Crimson Quill’s Appraisal #161
Number of Views: One
Release Date: 9 October 2012 (USA)
Country of Origin: United States
Running Time: 84 minutes
Director: Brett Donowho
Producer: Rick Dugdale
Screenplay: T.J. Cimfel
Special Effects: Tenille Shockey
Visual Effects: Jack Kosoyan, Levon Kosoyan
Cinematography: Edd Lukas
Score: Nathan Vann Walton
Editing: Frederick Wardell
Studios: Enderby Entertainment, Tony-Seven Films
Distributors: Viva Pictures, Uncork’d Entertainment, 4Digital Media
Stars: Rileigh Chalmers, Luke Dodds, Johnny Hawkes, Chalie Howes, Andrew MacFarlane, Angel McCord, Katrina Mydske, Chelsey Reist, Ed Holden, James Tyce, Stephanie Van Dyck, Heath Whitelock
Suggested Audio Candy:
Don Covay No Tell Motel
Motels have been always been places to give a decidedly large berth. I guess old Norm Bates is the chief culprit, the cross-dressing peeping tom blatantly disregarded his position of trust by whacking off over Janet Leigh as she washed herself down like any other naked woman from her generation…with utter sinlessness. What with his lecherous lips up against the peep-hole and Paulie the Penis waiting in the wings, showers too became less than secure havens. Then in 1983, when all-American families were beginning to feel at ease once more in these roadhouses, he was at it again, Meg Tilly this time falling foul of his roving eye. Consequently the family run inn saw something of a downturn in profits around about the same time.
There are so few of these establishments left in existence now, large corporations run by ‘the man’ have replaced the intimate touch with something far more soulless and generic, and many of these motels have long since been forced into closure. More recently, James Mangold’s Identity and Nimród Antal’s Vacancy have centered around these run down American institutions and neither have exactly drummed up business. Enter actor and first time director Brett Donowho, who brings us another fiendish lodge to avoid like the plague in the form of the relinquished Round The Bend Motel.
No Tell Motel tells the tall tale of five bickering buddies whose RV turns over, forcing them to take refuge in the ‘sanctuary’ in question. Ten minutes in, a churlish grin appears on our faces as we know the scoop already and are aware exactly what the hors d’oeuvre will be. At this juncture, we feel justified in tagging along as the quintet are not the usual cannon fodder, appearing genuinely multifaceted and compelling. Donowho seems to be setting up rather well and the threat the kids will soon face is eerily hinted at in a generally upstanding first act.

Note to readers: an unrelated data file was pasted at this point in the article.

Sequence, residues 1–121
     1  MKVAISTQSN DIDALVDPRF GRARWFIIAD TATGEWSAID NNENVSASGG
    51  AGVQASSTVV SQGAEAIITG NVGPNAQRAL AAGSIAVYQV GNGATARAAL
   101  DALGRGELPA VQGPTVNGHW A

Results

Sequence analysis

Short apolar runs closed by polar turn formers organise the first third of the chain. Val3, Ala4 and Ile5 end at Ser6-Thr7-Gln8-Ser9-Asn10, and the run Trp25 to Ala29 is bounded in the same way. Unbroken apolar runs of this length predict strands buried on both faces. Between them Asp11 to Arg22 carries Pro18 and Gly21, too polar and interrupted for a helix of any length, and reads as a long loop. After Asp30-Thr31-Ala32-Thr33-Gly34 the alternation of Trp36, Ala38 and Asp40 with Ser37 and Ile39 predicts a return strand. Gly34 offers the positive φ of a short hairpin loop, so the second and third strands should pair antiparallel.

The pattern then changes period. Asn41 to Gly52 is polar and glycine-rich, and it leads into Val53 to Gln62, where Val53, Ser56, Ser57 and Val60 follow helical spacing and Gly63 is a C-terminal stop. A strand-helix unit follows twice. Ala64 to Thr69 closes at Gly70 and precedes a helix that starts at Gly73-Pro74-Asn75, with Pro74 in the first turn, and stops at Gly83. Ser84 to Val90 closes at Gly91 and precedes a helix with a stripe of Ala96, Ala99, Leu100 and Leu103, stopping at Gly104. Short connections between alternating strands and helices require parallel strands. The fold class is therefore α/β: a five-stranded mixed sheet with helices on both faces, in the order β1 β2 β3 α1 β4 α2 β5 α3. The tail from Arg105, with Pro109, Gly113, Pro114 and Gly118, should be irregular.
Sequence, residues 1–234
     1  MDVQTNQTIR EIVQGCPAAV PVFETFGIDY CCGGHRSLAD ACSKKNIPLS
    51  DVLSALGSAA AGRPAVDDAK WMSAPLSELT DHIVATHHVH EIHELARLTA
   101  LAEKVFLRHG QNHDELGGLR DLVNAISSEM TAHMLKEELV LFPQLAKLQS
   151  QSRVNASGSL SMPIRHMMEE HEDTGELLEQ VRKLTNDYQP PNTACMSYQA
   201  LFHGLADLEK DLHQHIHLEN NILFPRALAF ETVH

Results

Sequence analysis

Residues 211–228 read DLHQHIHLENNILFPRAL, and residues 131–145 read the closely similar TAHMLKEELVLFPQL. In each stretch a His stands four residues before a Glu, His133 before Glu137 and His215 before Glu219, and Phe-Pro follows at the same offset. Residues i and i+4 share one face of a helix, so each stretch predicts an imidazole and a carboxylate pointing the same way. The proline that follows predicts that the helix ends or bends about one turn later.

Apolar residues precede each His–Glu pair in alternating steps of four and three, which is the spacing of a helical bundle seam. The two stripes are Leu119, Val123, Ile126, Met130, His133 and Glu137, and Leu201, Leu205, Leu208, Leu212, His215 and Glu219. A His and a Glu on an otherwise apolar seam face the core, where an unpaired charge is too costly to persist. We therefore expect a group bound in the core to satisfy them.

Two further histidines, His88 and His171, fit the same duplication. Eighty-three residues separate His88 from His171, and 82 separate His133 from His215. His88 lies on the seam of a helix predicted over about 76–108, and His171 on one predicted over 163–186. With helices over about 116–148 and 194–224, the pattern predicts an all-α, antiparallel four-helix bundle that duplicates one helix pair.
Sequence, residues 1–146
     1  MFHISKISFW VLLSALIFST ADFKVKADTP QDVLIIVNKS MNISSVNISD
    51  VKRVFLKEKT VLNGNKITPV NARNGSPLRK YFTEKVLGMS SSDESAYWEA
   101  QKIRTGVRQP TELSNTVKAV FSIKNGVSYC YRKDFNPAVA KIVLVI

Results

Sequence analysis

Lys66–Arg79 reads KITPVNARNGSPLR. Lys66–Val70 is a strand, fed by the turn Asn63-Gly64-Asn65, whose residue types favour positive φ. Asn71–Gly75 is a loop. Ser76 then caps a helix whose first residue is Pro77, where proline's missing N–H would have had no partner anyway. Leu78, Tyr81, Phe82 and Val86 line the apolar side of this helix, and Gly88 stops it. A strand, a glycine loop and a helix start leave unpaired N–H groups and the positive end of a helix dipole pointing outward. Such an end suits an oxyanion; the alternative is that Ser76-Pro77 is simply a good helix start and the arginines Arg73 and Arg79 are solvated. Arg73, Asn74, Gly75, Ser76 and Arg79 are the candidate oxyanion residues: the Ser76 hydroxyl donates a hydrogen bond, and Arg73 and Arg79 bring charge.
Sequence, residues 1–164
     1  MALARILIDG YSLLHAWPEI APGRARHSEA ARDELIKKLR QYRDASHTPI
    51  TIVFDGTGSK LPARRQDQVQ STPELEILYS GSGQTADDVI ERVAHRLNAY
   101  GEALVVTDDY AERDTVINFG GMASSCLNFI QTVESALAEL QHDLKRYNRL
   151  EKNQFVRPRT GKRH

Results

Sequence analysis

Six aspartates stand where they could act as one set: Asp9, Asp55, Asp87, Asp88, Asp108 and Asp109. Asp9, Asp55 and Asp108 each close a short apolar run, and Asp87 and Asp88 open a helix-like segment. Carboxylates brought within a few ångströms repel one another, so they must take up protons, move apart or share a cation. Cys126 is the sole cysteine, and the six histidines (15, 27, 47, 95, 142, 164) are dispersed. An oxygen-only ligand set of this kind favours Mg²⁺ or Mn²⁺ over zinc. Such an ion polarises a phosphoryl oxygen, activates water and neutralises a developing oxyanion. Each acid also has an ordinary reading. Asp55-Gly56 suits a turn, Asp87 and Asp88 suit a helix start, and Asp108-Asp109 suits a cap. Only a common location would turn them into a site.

Then something changes. Or maybe it doesn’t? Maybe that’s where things go awry. Like unrequested cramp during masturbation, it kind of seizes up and leaves you three steps from heaven. The once well-staged tension begins to grate some, as Donowho flat refuses to show his hand. It starts to dawn on us that we aren’t going to be needing those comfort blankets after all and opportunity after opportunity simply drift on by like deadwood. I may really be twisting the blade on this point and I’d imagine any interest y’all did have is likely dissipating fast, but it just feels so wasteful as he was doing many things correctly up to then.
The zinger trading ‘friends’ suddenly show an unnatural lack of empathy towards each other, hardly even reacting as the first of their group falls foul and feeling outright disconnected. Thankfully another dynamic comes into play as it becomes clear that each harbors their own dark secret and all are inexplicably linked to the motel. Angel McCord’s self-harming loner Corey is perhaps the most fascinating of the characters and her story ends entirely unsatisfactorily, again reeking of missed opportunities to make best of an atmospheric ‘hole-in-the-floor’ scenario. Meanwhile apparitions continue going about their daily business and we begin to feel desensitized to their presence.
There are dimly lit interiors aplenty and this is all well and good but each death ends up anti-climactic in the extreme and there is no get out of jail free grue card to play here. It’s almost bloodless, shy of one or two practical effects, and everything is invested into raising your blood pressure. That is No Tell Motel‘s most lavish error, for all the promise it never really gets to the boil. 84 minutes pass effortlessly enough, where our stay could and should have been that much more disheartening.
I feel I have been a tad severe on No Tell Motel. Despite being underwhelmed, it is a reasonably well-played chiller and this will be reflected in its overall score. However what needles me most is that it truly could’ve been elevated. For all the perceptive characterization and slow-burning suspense it just seems a little too content to peter out, leaving something of a vacancy behind it.
Crimson Quill’s Judgement: 6/10
Dread Factor: 2/5
For the Dreadheads: Creaking floorboards and cacophonous clankings aside, there isn’t too much to chill the crimson. Insular confines are squandered, the hole-in-the-floor being the chief offender. It isn’t without its neck-hair moments, but they are too ultimately few and far between.
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